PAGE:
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Federal Update
Subcommitte looks at surface transportation security

By Kimberely Lennard, staff writer

The House Subcommittee on Transportation Security met May 31 to determine how the Transportation Security Administration can better allocate its surface resources, specifically the Surface Transportation Security Inspection Program and its benefits.

One of those programs is First Observer, a national safety and security program that uses the skills, experiences and savvy of America’s transportation professionals to help protect the critical transportation function that moves the goods and services and people across America.

First Observer is operated by Team HMS under a cooperative agreement with the Department of Homeland Security. OOIDA works for Team HMS in the program’s mission. Doug Morris, director of safety and security operations for OOIDA, testified on behalf of First Observer.

Morris praised the First Observer program and the professionals involved who observe, assess and report risks and potential security breaches. He called the program “a force multiplier for Homeland Security.”

Morris gave success stories of the program, including a foiled hijacking of a motor coach between Arlington, VA, and Durham, NC; the disruption of a bomb plot in Texas against former President George W. Bush; and foiled plots against West Coast power plants.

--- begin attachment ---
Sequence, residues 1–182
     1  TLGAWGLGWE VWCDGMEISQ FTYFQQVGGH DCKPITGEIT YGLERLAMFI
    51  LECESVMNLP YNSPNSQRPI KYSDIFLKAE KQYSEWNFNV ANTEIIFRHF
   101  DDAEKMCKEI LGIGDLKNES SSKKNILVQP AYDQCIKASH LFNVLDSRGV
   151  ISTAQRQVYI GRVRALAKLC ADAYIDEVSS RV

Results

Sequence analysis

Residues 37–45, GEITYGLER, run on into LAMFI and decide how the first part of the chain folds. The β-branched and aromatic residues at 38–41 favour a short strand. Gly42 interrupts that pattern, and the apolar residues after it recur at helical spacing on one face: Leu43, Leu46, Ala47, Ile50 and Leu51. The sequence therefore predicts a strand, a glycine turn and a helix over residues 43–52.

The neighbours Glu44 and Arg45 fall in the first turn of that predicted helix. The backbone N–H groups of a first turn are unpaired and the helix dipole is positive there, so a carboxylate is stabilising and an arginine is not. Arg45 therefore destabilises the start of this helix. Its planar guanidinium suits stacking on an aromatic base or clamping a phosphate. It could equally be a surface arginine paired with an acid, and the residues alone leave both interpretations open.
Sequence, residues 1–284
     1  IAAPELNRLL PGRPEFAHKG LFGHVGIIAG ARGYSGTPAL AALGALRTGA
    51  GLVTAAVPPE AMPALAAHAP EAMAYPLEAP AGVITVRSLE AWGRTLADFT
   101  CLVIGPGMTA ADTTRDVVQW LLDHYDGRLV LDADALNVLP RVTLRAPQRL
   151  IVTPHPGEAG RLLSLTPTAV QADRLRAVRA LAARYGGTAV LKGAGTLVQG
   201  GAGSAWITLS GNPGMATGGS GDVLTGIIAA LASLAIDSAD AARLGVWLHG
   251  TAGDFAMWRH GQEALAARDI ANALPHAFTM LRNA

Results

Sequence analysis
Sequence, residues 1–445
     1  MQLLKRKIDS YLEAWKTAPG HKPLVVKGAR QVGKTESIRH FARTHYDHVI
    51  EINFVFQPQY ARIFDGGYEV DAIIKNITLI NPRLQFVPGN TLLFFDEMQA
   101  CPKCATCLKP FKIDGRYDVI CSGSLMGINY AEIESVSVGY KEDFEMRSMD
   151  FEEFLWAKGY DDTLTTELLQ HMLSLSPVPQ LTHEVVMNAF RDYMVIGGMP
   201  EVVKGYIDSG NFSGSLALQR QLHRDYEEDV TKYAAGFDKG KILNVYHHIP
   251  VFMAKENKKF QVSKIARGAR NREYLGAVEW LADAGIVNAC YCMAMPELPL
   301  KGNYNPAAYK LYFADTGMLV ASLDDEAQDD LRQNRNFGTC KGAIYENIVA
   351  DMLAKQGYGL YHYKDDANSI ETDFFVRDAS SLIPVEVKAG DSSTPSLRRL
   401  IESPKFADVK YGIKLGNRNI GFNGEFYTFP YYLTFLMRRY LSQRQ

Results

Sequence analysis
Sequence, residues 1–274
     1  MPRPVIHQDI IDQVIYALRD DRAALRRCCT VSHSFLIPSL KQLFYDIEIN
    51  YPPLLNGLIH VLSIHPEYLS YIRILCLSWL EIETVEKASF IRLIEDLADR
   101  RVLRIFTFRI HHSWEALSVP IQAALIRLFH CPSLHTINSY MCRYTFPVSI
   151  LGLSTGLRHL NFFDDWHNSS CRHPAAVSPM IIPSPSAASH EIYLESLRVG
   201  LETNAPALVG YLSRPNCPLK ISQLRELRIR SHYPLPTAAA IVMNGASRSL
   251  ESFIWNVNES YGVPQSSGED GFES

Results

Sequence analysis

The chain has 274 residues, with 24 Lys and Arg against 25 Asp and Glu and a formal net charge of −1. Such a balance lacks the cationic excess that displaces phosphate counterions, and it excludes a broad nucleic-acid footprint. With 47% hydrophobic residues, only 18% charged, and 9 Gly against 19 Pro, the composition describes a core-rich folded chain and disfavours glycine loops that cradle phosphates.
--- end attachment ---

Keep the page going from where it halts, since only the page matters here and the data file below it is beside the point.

“The First Observer program has far exceeded TSA’s expectations,” Morris said. He pointed out that First Observer originated as a program for trucking security, and TSA asked it to put together more modules.

First Observer did so with no additional funds. “We just did it because we thought it was the right thing to do and we did it,” Morris said.

He also indicated the program has been operating under a no-cost extension since Jan. 1 and if there was more money, “we could put everyone under one umbrella.”

Morris said allowing the First Observer program to falter would send a clear message to all surface transportation professionals that TSA is more concerned with aviation security and that surface transportation is unimportant if not irrelevant. LL

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